In order to provide for his destitute family of drifters, a likable, sincere, able-bodied 15-year-old boy comes to hire on among a burned-out ex-con's group of aging forest laborers. As the man becomes more and more aware of the boy's abusive home life, his deeply buried humanity is roused. Drinking and smoking incessantly to remain detached from his volatile temper, he finally takes the matter into his own hands - come what may - when the boy's alcoholic father finally goes too far.Written by
When Joe and Gary are looking for the dog, Gary climbs into the driver's seat of the truck. When they arrive, Joe is driving. See more »
Hey, you old man, you look at me. I got som'in' to say to you. Every time we land someplace new, you say it's gonna be different, but it ain't. You mess up... a lot... then you leave a mess for me and Momma and Dorothy to clean up, and that ain't right. That's all I'm sayin'. Hell, I do what I gotta do. You do whatever the hell you want - whatever you can get away with. You're just a... selfish old drunk. Yeah, that's what you is. Yeah, this place is gonna be after us. Hell, ...
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A Refreshing, Unsentimental Portrayal of Southern Americana
There's a quote about midway through David Gordon Green's Joe that I believe is crucial to understanding the film's thematic core. Forgive me if I'm paraphrasing but it goes something like 'These men have no more frontiers'. The line is in reference to the men Joe works with and in many ways applies to the titular character himself. Joe is a man that knows he is stuck; he has no where to go because his surroundings can't let him. Even though he thinks five steps ahead of the average man it is only delaying the inevitable. The conflict of the story however is not whether or not Joe lives but if he can save the future of a promising child, named Gary.
Joe is the kind of film that proves that a small story can be much more meaningful than a larger one. This kind of unsentimental character piece needs a small tight focus so all of the nuances of said characters shines through. Thankfully David Gordon Green understands this; his approach to directing the film is subtle and organic, allowing the actors to shine first and foremost. There are some understated flourishes and several instances of visual poetry but for the most part Green keeps things taut and unsentimental. He wants the audience to be immersed in the volatile world Gary and Joe inhabit.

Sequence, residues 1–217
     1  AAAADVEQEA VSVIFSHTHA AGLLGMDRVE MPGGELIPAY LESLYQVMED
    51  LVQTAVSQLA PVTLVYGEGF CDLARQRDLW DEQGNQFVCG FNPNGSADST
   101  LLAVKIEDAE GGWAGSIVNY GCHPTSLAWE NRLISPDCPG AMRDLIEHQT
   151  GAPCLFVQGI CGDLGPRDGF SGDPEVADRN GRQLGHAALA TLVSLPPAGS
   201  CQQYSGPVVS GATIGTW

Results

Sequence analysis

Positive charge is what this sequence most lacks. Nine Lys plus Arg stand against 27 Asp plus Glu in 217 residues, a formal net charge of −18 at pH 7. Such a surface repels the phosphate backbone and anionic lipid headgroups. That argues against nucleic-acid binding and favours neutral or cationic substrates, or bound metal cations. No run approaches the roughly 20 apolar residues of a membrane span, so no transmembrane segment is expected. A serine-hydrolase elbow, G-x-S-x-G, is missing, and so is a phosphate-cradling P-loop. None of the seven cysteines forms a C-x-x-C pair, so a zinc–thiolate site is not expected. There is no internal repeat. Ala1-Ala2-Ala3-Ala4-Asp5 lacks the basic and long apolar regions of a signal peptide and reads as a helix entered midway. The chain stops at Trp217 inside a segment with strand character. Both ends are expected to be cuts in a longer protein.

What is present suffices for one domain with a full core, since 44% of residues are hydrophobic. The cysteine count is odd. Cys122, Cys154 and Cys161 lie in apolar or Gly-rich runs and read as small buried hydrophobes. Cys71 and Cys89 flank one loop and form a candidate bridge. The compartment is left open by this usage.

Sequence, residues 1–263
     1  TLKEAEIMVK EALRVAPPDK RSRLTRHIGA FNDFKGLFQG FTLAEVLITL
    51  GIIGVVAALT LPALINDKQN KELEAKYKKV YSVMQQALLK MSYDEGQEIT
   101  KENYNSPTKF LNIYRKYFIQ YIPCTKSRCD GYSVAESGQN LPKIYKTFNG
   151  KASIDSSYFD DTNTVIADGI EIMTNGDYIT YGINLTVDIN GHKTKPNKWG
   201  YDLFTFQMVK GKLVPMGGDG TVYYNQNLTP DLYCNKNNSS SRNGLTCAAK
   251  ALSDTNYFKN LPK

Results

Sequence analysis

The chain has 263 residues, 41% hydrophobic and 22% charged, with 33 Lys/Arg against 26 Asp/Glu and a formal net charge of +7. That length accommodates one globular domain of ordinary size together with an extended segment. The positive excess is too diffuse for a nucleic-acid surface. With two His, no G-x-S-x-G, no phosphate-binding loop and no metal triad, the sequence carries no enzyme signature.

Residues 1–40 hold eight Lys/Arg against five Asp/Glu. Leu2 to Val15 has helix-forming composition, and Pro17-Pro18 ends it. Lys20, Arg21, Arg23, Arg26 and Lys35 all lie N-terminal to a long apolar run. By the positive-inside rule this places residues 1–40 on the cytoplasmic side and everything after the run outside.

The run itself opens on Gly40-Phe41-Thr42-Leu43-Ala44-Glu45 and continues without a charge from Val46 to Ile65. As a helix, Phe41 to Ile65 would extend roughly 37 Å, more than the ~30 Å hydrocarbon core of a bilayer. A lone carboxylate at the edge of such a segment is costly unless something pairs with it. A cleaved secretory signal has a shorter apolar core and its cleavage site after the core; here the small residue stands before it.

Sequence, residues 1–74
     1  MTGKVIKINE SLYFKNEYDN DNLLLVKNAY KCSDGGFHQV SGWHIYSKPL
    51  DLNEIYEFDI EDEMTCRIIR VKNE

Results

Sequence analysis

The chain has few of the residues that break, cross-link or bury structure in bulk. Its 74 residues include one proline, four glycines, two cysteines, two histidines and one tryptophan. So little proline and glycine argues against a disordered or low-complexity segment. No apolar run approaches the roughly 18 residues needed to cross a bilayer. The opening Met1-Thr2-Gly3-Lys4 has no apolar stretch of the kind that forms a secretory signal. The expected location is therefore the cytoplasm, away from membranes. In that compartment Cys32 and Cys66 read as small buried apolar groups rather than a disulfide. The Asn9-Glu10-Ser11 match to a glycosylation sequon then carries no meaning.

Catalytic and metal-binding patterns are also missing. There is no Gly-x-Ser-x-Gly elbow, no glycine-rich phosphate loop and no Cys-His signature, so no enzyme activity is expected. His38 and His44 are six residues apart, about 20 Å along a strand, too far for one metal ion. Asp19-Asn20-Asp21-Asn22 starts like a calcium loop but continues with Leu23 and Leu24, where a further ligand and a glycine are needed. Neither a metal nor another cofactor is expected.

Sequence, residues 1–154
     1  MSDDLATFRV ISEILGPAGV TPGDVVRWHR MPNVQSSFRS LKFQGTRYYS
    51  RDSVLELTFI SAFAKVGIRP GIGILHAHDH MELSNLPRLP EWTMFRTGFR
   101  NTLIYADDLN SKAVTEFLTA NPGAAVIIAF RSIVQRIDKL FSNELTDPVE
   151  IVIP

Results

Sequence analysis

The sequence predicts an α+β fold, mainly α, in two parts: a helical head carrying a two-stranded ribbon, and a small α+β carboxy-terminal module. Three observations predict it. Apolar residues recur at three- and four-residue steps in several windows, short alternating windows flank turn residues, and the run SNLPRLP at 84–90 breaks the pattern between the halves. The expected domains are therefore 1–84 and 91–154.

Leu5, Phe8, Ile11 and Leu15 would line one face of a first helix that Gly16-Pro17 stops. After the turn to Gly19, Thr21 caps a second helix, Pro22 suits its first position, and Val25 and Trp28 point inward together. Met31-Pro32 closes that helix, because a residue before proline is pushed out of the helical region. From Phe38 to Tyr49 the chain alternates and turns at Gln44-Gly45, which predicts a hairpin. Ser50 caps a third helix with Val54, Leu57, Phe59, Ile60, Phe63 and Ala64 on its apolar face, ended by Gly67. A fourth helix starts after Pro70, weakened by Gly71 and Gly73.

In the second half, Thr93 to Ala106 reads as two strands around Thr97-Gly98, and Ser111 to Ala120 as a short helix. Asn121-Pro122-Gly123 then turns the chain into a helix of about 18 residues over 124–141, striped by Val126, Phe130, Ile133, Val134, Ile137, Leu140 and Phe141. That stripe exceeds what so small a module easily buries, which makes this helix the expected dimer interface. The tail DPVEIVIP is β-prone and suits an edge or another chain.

And what a convincing world it is. Green's depiction of Southern lower class Americana is unsentimental, austere and straightforward. The film doesn't feel the need to overemphasize aspects of these characters live. Nothing is glamorized, nothing romanticized; the film aims for a hard hitting depiction of the character's world which only serves to further highlight the core conflict. Green understands that the audience needs to understand how close Gary and his sister are to harm and in doing so has crafted a thoroughly realized community teeming with details and nuances.
But the real centerpiece of the film is it's acting; three performances in particular stick out. Cage's Joe, Sheridan's Gary and Gary Poulter's Wade. Cage's depiction of Joe is not quite the subdued performance many critics made it out to be. Instead it is a silent colossus of a performance. One of Cage's biggest strengths as an actor is the ability to convey a character's thought process without saying a word. He makes a perfect fit for Joe; a man who is always moving, thinking, never given to slowing down. He is a frank straightforward man and Cage does the character justice. Equally excellent is Sheridan's Gary. Coming off his sterling performance in Mud, Sheridan proves himself one of the most promising actors of the younger generation. He brings balances both the character's more mature and intelligent feelings and ambitions with a raw, primal rage that surfaces in a truly explosive manner. Finally we have Gary Poulter, the dark horse of this movie. A non-actor Poulter was hired due to his similarity to the character he was portraying. And boy does he nail it. Seething with a kind of disheveled rage, imbued with a selfish nostalgic anger for a time he had a future; Wade is a truly terrifying character only made more terrifying by Poulter's raw, thoroughly convincing performance. If Joe is symbolizes a man in societal stagnation, Wade is that stagnation taken to it's logical, horrific end.
Joe is a gritty, hard movie about gritty hard people but it's also intelligent, heartfelt and riveting from the first frame to the last. It solidifies the comeback for David Gordon Green as a unique presence in American cinema and hopefully is a sign that Cage will do more of these kinds of austere, gripping character pieces more often in the future.
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